1326 W. Wisconsin Avenue,
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Didn’t every city have a VARSITY theatre somewhere near a local college or university? It would seem so if one consults any major listing of theatres, and Milwaukee was no exception. In this case, it was notable enough to generate an entire article with photos in the magazine: “Architectural Record” of September 1938, Vol. 84 #3, pages 51-54, unusual for a theatre in those days. The article about the place is brief: “MILWAUKEE: THREE-WAY AIR CONDITIONING IN TRIPLE USE STRUCTURE — Grassold and Johnson, Architects — Complete Air Conditioning of the Varsity Theater Building in Milwaukee, Wis., makes windows unnecessary; thus the function of the vertical glass-block panels is simply to admit daylight. Housed in this windowless structure are 5 stores and a 1,400-seat theater on the ground floor, and offices on the 3 upper floors. Because of the diversity of uses for which the building was designed, the heating and air-conditioning systems are laid out on an individual basis, but distribution of conditioned air is from a central point on the second floor. Eight rows of coils are used in the theater’s system and a continuous 3-in. grille in the ceiling cornice below the light troughs [white neon-lit coves] acts as a means of distribution. The stores are heated and cooled by individual units installed in the basement. The office portion of the building is divided into four zones and is supplied with conditioned air from the equipment room on the second floor. The building is steel-framed, with concrete floors and special ceiling arrangement in the office portion to accommodate duct work and piping [referring to the first generation of suspended plaster ceilings holding ducts and conduits for offices]. Exterior is of granite base construction with stone and face brick veneer.”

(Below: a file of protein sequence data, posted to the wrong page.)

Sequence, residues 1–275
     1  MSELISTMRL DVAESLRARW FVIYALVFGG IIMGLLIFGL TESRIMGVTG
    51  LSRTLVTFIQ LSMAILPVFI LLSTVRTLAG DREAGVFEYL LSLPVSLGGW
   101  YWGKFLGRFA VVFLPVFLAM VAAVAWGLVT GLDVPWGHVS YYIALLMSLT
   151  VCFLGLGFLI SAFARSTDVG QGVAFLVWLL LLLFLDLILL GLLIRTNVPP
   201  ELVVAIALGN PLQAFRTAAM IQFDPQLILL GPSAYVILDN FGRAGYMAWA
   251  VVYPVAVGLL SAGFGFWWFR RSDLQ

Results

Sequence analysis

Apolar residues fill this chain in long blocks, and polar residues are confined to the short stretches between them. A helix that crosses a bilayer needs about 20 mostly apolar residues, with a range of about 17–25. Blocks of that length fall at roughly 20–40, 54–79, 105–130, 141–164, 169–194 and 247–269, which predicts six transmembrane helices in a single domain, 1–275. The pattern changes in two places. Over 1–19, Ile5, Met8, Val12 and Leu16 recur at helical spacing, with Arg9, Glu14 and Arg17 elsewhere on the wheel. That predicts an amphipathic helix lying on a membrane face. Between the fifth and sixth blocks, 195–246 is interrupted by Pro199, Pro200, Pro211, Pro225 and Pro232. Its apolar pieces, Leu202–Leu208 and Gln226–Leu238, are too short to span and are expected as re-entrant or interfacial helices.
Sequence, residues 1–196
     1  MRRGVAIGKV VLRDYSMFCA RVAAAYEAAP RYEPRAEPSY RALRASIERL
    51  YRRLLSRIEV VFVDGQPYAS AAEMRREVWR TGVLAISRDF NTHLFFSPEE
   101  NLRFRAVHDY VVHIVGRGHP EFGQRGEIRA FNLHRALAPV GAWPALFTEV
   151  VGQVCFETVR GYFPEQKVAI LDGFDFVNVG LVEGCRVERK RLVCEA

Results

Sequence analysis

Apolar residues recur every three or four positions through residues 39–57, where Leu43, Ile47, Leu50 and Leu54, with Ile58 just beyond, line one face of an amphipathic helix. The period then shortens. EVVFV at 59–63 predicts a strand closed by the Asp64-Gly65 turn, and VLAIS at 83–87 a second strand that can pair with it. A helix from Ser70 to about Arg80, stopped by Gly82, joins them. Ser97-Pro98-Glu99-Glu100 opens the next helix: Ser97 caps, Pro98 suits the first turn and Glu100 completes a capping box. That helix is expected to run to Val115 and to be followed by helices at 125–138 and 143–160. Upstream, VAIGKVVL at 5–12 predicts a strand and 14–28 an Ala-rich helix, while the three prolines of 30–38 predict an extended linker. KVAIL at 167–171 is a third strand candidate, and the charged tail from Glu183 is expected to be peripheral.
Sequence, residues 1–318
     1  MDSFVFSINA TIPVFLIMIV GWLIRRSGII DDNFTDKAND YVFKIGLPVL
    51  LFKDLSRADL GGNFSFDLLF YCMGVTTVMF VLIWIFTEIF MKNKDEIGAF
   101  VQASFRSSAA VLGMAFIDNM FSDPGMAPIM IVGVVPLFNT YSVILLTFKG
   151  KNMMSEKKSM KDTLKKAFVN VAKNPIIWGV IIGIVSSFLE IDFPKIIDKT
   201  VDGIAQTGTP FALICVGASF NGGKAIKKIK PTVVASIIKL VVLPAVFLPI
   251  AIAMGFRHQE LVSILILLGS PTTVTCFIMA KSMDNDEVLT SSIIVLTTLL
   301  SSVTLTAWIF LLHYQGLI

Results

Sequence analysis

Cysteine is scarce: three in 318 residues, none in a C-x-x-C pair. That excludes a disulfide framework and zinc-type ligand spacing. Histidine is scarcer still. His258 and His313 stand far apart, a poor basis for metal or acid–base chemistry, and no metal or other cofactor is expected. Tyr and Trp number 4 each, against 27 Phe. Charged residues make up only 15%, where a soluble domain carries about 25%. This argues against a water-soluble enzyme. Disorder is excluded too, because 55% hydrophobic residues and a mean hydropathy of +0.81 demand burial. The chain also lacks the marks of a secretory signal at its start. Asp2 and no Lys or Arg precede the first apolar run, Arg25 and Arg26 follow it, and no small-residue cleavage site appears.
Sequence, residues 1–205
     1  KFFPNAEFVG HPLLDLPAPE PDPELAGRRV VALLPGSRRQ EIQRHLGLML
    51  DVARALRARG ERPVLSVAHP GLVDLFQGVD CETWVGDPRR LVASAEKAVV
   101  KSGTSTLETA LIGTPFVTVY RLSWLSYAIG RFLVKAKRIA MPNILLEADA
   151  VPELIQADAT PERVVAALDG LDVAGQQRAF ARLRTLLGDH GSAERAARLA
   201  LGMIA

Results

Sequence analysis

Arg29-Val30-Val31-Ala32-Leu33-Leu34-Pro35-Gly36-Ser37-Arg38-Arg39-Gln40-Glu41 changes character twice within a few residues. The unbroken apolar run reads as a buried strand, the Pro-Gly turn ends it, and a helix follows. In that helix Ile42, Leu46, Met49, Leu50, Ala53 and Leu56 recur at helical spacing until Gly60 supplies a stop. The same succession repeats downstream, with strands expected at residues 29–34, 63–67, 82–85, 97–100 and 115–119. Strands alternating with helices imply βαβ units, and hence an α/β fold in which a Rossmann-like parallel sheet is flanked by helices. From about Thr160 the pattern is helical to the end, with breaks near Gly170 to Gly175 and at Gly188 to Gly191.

It is, however, the seven photos and two floor plans that really tell the story: the glass block mentioned is not merely flat to the surface, but is canted outward slightly so that the continuous two planes of each second floor to near-roofline panel is joined vertically by means of a bronze ornamental ‘rib’ mould rising from a double-tier, semicircular balconnete at the base, up to a tiny finial above the crowning accolade done in a flat, peaked curvilinear design. Each balconnete had up-lights hidden inside, which delineated the facade at night. About four feet above this was the parapet having a would-be cornice made up of a row of half-bullet shaped billets spaced below the slightly extended coping tiles. All 12 bays of the southerly facing facade were above the granite first floor having five large show windows for the stores, with narrow cornices of stainless steel blind grillework above them. Similar bands of stainless were used to trim the rounded corners of the entrances to the building and stores, with like stainless accolade ornaments as surdoors. Above the island box office at the sidewalk line, was a typical Poblocki Sign Co. “Alumilighted” triple level marquee, with skeleton neon channel letters at top spelling VARSITY, three levels of recessed fluorescent back-lit attraction boards, and a soffit of a continuous grille supporting milk white plastic panels above which were more fluorescent lamps, there being no incandescent bulbs in this then oh-so-modern building. The marquee saw its letters changed from the inside via a hidden door from the second floor corridor of the office bldg., not from the outside as was traditional — and unpleasant and dangerous in the icy winters.